20. Micromanage, measure every detail, come down hard on non-compliance and non-conformity in the organization
  21. Trademark everything, create a monopoly on the services, stamp out any competition
  22. Never defend against any criticism, always attack the critic by Argumentum ad Hominem, discredit always
  23. Amass enough money to litigate the hell out of any external threats
  24. Internal threats are handled with a policy on disconnection that makes the pot committed disconnect even from his own family
  25. Puff it all up with an apparency of social benefit programs
  26. Engulf the whole in excellent PR and glamorous videoed events with CGI effects
  27. Make it unassailable by calling it a religion
  28. As the guru, rake in money, live a glorious life


(Hugh at Gapingvoid.com)

Feel free to ask

q

When the traffic gets high, when posts get more than 500 or even a 1000 comments, I am bound to miss questions from my readers.

I want to answer your questions, and to ensure you are not left without an answer, I propose you ask any questions you may have to me as comments to this blog post.

Just add your question as a comment here and I will get back to you with an answer. Ask anything – from my views on life, IT, Scientology, my favorite HP calculator, music, art, preferences in any part of life or whatever else you may have on your mind. Do not hold back. I am not shy.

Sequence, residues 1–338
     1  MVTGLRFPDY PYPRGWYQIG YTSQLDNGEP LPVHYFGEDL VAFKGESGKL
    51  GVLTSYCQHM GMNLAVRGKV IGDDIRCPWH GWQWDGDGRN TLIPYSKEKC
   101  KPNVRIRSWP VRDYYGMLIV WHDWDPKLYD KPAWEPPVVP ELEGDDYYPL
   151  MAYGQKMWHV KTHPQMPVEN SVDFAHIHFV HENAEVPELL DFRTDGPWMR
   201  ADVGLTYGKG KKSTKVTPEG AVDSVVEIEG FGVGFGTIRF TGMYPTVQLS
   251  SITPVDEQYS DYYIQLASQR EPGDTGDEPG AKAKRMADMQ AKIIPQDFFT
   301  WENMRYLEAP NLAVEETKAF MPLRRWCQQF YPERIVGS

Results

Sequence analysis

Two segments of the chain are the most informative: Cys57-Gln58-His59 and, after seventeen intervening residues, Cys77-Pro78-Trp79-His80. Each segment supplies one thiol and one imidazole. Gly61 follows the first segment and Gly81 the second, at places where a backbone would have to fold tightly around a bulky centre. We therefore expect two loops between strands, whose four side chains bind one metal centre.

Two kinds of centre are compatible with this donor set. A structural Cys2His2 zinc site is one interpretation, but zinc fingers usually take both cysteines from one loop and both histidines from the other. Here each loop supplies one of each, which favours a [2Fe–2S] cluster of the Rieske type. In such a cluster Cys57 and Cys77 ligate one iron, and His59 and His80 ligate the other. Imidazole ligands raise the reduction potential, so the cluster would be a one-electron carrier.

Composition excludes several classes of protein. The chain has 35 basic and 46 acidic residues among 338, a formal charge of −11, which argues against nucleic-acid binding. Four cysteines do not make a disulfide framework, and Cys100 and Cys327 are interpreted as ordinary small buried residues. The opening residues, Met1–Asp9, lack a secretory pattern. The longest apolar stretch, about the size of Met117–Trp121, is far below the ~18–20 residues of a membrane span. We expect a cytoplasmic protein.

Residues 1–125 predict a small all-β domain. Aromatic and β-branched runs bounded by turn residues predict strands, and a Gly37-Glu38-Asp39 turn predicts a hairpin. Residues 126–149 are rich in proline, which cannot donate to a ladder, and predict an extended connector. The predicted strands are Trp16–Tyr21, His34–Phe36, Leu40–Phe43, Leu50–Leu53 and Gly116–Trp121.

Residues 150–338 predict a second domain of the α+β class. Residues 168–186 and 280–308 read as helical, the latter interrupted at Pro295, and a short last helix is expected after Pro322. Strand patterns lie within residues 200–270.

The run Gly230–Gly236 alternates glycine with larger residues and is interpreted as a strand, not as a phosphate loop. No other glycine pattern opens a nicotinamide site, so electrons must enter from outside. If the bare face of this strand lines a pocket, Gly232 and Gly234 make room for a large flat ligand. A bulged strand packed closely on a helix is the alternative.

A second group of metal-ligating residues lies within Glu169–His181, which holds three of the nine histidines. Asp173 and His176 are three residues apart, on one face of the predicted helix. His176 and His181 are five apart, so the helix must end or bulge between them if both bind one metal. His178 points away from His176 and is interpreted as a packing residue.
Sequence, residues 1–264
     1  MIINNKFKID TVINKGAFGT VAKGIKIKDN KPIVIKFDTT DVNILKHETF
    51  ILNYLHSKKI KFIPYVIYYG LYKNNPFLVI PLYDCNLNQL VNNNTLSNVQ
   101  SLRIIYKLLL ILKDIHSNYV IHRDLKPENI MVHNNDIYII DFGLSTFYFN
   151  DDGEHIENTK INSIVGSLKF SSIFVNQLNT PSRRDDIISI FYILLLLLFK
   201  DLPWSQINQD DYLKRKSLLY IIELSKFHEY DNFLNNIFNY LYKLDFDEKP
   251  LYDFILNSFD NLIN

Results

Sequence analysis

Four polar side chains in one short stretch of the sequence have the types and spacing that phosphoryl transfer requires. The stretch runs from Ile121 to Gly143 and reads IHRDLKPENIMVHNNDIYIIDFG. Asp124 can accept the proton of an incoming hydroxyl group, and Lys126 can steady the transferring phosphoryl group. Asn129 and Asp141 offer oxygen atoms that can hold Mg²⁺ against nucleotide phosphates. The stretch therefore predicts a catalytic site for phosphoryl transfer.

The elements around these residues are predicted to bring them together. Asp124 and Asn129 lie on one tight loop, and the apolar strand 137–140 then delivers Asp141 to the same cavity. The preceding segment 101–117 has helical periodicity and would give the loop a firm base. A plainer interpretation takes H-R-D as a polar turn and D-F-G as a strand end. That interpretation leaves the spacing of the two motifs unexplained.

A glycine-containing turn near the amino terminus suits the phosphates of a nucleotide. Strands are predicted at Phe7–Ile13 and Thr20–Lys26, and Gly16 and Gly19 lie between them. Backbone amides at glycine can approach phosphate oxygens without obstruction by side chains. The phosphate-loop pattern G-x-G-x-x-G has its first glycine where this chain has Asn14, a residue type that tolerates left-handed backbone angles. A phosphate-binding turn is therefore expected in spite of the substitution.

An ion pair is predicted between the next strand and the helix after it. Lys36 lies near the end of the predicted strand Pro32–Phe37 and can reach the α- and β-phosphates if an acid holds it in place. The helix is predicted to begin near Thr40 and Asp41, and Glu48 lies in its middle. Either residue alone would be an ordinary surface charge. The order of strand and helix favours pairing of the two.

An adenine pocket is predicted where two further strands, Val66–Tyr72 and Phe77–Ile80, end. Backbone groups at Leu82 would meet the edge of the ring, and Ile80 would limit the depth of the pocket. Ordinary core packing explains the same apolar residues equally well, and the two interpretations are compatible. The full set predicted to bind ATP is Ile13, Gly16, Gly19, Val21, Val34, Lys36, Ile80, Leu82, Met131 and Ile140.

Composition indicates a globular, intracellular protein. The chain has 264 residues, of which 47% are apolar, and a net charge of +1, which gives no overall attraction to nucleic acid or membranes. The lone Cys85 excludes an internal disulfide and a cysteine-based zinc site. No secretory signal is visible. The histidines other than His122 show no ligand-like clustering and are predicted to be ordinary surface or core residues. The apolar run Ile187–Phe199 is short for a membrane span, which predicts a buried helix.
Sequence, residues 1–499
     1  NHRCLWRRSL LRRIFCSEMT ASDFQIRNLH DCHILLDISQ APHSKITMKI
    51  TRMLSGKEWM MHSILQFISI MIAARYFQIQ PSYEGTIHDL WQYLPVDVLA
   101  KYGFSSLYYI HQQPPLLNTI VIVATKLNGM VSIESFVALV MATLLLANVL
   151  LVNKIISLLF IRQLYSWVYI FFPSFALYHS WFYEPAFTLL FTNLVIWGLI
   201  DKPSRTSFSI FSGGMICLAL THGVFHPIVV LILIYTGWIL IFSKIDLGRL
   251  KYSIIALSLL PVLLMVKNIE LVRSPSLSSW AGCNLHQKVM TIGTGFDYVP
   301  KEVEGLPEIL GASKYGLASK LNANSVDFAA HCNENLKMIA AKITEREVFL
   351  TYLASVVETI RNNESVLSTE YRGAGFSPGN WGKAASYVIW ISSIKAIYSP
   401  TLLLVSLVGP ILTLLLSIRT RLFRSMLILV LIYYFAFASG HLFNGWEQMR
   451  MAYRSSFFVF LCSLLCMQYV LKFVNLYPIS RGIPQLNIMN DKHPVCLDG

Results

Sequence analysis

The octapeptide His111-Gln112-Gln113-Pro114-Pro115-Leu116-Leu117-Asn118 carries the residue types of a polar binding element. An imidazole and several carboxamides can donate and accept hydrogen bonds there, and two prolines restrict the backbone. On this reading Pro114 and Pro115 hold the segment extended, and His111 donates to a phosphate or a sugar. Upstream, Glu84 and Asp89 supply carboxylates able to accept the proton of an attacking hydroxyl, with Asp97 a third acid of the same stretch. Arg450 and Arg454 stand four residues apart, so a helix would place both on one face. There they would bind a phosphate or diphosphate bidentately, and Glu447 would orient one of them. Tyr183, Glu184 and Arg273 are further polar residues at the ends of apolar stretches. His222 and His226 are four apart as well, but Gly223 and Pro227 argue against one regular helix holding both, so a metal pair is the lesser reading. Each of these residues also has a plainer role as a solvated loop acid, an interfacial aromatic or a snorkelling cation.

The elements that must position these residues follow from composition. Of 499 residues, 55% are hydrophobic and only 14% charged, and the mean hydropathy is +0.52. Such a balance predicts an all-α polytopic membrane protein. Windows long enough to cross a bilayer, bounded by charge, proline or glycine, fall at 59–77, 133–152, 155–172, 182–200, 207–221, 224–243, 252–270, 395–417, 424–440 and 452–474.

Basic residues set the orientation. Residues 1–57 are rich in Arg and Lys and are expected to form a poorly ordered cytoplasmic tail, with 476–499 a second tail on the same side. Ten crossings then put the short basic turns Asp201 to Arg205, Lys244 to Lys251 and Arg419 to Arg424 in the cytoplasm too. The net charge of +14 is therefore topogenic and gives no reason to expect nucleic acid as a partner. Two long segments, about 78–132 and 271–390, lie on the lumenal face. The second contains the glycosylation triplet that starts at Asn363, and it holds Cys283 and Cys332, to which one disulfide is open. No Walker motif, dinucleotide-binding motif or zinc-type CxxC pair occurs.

This post is not an arena for long discussions – or I may again miss some questions buried in long threads. Interesting topics may instead earn separate blog posts.

Amazing person: Egil Möller

While we’re in the technical territory…

I know a guy who can whip up a prototype of any IT application in a few hours. Others plan and work it out on the drawing board and go “figure-figure” for days until they finally start coding.

Egil simply DOES. He’s one of the most intelligent people I’ve met – and he transfers that intelligence to a sharp understanding of the problem at hand. And with swift creativity and ability to think outside the box, he’s a virtual geyser of ideas, solutions and new ways to go about the task.

A folk music dancing and singing, vegetarian geek with a warm heart and hard core personal integrity. Egil is a die-hard freedom enthusiast fighting for freedom of speech, expression and sharing. We share a world view when it comes to intellectual property, but are very different in our views on the reason for life. That has made for some interesting and valuable discussions over the years.

Egil is the technical lead on the amazing product Etherpad.

My wife and I sold our company in February – I really miss Egil, I cringe when I realized what people he now works for.

It would be great to work with Egil again sometime in the future.